Treasury Inspector General for Tax Administration
October 20, 2011
TIGTA - 2011-69
Contact: Karen Kraushaar
Washington – An estimated 2.1 million taxpayers may have received $3.2 billion in erroneous education credits, according to a new report from the Treasury Inspector General for Tax Administration (TIGTA).
The American Recovery and Reinvestment Act of 2009 created a refundable tax credit called the American Opportunity Tax Credit (AOTC) to help taxpayers offset the cost of higher education. This credit has been extended to 2011 and 2012 returns. TIGTA assessed the effectiveness of the IRS processes to identify erroneous AOTC claims.
TIGTA found that 1.7 million taxpayers erroneously received an estimated $2.6 billion in education credits even though the Internal Revenue Service (IRS) had no supporting documentation that these taxpayers had attended an eligible institution, defined as an accredited institution of higher learning. While the IRS initially did not agree with the amount of erroneous claims identified by TIGTA, it subsequently informed TIGTA that it has found a high percentage of the claims with no supporting documentation to indeed be erroneous. IRS management noted that they expect the percentage found to be erroneous to further grow and have increased the number of tax returns they plan to review with this condition in Fiscal Year 2012.
Other findings include:
“Based on the results of our review, the IRS does not have effective processes to identify taxpayers who claim erroneous education credits,” said J. Russell George, Treasury Inspector General for Tax Administration. “If not addressed, this could result in up to $12.8 billion in potentially erroneous refunds over four years,” Mr. George added.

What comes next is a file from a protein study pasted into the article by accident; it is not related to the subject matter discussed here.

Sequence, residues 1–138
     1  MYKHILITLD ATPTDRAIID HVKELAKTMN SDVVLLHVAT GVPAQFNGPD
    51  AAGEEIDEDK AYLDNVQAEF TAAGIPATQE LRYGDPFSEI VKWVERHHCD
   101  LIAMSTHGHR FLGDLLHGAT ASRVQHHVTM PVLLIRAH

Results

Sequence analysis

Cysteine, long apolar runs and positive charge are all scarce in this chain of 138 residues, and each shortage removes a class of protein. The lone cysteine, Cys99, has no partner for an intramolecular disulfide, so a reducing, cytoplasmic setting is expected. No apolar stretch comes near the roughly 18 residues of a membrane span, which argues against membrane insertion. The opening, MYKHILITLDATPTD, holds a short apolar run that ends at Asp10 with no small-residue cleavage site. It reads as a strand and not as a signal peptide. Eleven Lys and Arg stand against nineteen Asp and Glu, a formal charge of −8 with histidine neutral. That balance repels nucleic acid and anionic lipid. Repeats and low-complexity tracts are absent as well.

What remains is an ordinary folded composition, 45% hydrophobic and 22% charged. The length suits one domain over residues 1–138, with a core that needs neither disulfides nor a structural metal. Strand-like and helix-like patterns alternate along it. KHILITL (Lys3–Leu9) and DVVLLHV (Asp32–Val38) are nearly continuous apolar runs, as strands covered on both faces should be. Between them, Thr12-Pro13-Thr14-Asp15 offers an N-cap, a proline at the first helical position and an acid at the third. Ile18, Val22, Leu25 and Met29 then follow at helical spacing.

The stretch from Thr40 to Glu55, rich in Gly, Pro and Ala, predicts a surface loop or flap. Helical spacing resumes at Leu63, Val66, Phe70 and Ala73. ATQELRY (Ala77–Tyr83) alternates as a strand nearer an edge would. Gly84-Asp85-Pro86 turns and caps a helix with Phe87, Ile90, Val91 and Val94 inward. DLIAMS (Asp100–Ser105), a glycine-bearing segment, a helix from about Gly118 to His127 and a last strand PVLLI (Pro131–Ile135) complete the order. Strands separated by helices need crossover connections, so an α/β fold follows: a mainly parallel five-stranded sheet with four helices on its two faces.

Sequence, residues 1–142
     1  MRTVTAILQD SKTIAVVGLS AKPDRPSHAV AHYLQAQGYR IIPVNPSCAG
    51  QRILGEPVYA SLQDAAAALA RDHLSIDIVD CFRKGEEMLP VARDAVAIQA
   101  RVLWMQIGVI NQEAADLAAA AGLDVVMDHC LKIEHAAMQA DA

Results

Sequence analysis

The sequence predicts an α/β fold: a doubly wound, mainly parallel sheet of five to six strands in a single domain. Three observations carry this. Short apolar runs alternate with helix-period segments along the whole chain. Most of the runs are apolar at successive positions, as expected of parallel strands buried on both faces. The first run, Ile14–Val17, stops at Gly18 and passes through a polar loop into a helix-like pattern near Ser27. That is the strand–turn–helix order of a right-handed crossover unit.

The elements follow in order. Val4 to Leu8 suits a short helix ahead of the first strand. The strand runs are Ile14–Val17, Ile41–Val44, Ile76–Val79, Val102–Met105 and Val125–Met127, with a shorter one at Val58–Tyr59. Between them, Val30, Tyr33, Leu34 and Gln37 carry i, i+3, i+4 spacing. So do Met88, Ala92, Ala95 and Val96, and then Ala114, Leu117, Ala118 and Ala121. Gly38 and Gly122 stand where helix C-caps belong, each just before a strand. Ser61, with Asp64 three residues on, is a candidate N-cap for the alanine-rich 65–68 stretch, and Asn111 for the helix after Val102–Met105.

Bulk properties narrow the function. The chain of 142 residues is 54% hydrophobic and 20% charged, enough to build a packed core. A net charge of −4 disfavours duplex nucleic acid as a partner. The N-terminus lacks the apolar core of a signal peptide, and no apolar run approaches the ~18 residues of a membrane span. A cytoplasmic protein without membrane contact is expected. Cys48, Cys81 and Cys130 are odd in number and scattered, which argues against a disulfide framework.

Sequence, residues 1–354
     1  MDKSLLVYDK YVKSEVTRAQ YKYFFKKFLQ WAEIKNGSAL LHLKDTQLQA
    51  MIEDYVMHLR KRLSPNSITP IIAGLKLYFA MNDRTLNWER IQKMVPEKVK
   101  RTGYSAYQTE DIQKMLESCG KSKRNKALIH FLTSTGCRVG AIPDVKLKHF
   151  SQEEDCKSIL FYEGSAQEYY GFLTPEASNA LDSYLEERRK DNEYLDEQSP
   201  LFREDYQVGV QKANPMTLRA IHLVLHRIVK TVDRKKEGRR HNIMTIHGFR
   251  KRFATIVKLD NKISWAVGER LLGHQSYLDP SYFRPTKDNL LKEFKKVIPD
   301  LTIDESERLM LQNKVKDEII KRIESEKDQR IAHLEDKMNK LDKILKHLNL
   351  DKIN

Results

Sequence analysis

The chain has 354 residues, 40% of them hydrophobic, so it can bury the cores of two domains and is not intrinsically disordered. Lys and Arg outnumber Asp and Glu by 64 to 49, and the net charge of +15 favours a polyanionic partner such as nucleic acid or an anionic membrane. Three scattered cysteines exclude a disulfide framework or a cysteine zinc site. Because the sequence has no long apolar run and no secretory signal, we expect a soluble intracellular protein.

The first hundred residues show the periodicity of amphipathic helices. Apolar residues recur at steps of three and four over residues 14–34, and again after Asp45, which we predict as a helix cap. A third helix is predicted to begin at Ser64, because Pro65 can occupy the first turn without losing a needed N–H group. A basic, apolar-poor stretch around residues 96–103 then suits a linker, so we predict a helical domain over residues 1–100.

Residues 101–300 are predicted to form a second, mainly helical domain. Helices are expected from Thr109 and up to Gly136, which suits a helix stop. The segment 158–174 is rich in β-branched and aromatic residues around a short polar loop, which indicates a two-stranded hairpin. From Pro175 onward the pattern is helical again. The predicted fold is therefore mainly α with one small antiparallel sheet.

TIGTA made 11 recommendations including: revising the current tax form to claim education credits; coordinating with the Department of Education to assess using its data files in tax return processing; revising compliance programs to identify taxpayers who erroneously claim the credit; and coordinating with the Department of the Treasury to determine whether legislation is needed to clarify whether the credit may be claimed for students who lack a valid SSN. The IRS agreed with 10 of TIGTA’s recommendations and partially agreed with the remaining recommendation. The IRS disagreed with TIGTA’s recommendation to initiate a Tax Return Preparer Project to address those preparers associated with large volumes of erroneous education credit claims.
Read the report.
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